The announcement that Prime Minister Medvedev will be heading the Russian delegation to the Munich Security Conference appears to send a signal that Russia wants to de-escalate tensions and work with Europe and the United States toward resolving the crises in Syria and Ukraine.
Last week, Moscow announced that its delegation at this year’s Munich Security Conference would be headed by Prime Minister Medvedev instead of Foreign Minister Lavrov, as was stated earlier. Angela Stent, Director of the Georgetown University Center for Eurasian, Russian and East European Studies, told www.valdaiclub.com
what this decision could mean for easing tensions between Russia and the West and what can be expected from this year’s conference in general.
“The announcement that Prime Minister Medvedev will be heading the Russian delegation to the Munich Security Conference appears to send a signal that Russia wants to de-escalate tensions and work with Europe and the United States toward resolving the crises in Syria and Ukraine,” Professor Stent said in a comment sent by e-mail. “Foreign policy is not normally the responsibility of the Russian Prime Minister but presumably he will be discussing international issues there,” she added.
Referring to last year’s Munich conference, Stent said the atmosphere between the Russian delegation and other participants was rather tense. “Foreign Minister Lavrov led the Russian delegation and gave a tough speech in which he said that German unification in 1990 was less legitimate than Crimea rejoining Russia in 2014—a claim that did not resonate positively with the Western participants, including Chancellor Angela Merkel. This year, sending Mr. Medvedev could signal that Russia is serious about seeking solutions to today’s pressing international problems,” she said.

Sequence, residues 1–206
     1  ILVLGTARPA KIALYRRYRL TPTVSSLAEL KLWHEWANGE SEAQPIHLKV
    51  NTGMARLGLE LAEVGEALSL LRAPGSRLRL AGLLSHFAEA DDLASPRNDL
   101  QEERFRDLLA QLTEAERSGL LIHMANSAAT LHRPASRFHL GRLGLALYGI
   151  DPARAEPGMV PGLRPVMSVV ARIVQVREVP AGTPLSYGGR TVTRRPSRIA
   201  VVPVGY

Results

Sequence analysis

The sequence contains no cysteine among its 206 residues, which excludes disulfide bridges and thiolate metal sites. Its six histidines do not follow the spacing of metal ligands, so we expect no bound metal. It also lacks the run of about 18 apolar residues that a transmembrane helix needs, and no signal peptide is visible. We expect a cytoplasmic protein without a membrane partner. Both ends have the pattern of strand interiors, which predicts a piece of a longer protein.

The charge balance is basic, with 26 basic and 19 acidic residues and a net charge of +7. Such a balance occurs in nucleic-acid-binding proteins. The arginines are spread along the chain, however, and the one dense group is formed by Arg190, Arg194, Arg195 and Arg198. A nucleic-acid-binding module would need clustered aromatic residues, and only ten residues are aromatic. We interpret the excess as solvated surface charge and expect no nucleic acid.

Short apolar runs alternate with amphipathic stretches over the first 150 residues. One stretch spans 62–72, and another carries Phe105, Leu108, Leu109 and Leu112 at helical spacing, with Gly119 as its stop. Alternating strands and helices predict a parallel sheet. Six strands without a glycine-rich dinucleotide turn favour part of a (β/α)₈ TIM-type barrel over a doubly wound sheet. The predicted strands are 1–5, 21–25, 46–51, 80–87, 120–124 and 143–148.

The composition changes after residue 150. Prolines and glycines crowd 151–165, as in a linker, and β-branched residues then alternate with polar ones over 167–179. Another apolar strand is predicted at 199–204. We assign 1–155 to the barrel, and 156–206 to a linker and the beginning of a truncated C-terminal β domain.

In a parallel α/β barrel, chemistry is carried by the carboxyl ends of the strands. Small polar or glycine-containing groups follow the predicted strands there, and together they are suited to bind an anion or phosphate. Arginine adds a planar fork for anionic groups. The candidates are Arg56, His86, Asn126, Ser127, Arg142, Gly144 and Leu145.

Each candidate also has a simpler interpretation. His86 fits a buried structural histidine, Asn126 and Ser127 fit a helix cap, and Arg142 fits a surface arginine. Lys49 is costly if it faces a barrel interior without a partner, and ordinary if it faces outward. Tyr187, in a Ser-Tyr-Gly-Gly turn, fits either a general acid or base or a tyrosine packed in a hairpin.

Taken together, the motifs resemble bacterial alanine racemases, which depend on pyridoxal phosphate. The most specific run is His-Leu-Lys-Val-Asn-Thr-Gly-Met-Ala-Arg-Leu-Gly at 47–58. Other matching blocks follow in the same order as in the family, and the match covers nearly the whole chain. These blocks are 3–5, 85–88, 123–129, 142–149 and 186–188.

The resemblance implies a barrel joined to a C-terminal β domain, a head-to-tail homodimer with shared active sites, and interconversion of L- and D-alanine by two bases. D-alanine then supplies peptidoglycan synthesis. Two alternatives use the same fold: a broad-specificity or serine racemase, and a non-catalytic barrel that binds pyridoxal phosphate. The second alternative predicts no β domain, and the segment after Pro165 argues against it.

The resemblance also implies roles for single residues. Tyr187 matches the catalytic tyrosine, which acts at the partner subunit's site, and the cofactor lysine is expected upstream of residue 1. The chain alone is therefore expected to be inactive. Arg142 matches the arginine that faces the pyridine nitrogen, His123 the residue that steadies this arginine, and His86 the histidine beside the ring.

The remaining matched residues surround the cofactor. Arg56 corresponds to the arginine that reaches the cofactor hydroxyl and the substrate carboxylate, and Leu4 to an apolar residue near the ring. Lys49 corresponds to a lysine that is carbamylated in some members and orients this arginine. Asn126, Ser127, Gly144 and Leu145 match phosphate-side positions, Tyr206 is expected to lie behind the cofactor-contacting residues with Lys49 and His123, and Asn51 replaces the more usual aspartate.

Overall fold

The public speeches at Munich are mainly important for the signals they send about leaders’ intentions, the scholar pointed out. “President Putin’s 2007 Munich speech, for instance, certainly signaled the beginning of a more adversarial relationship with the West. But the private meetings at Munich between the top leaders are usually much more important,” she said.
When asked about her expectations from this year’s Munich conference, Stent said that the Russian prime minster would most probably continue recent diplomatic advances. “One assumes that he will meet with European and American—and possibly Ukrainian—officials to continue discussions on how to implement the Minsk agreements. Both Secretary John Kerry and European leaders have indicated that sanctions against Russia could begin to be lifted if there is real progress on Minsk,” she elaborated.
Syria will certainly be another topic for discussions at Munich. “The situation in Syria remains very fragile with the United States and its allies trying to work together with Russia toward achieving a cease-fire and a possible political transition. But their interests in Syria are not well aligned because they disagree on the fate of President Assad,” Stent pointed out.
“Often one does not know the real result of the behind-the-scenes discussions at Munich until some time afterwards. But in order for relations between Russia and the West to return to their pre-2014 level the Minsk agreements would have to be fully implemented, including the Ukrainian government regaining control over its border with Russia,” she concluded.
This year’s Munich Security Conference will be held in the Bavarian capital on February 12-14 under the chairmanship of Ambassador Wolfgang Ischinger. The war in Syria, the refugee catastrophe and the crisis of the European security order have been announced to be among the key topics on the conference agenda.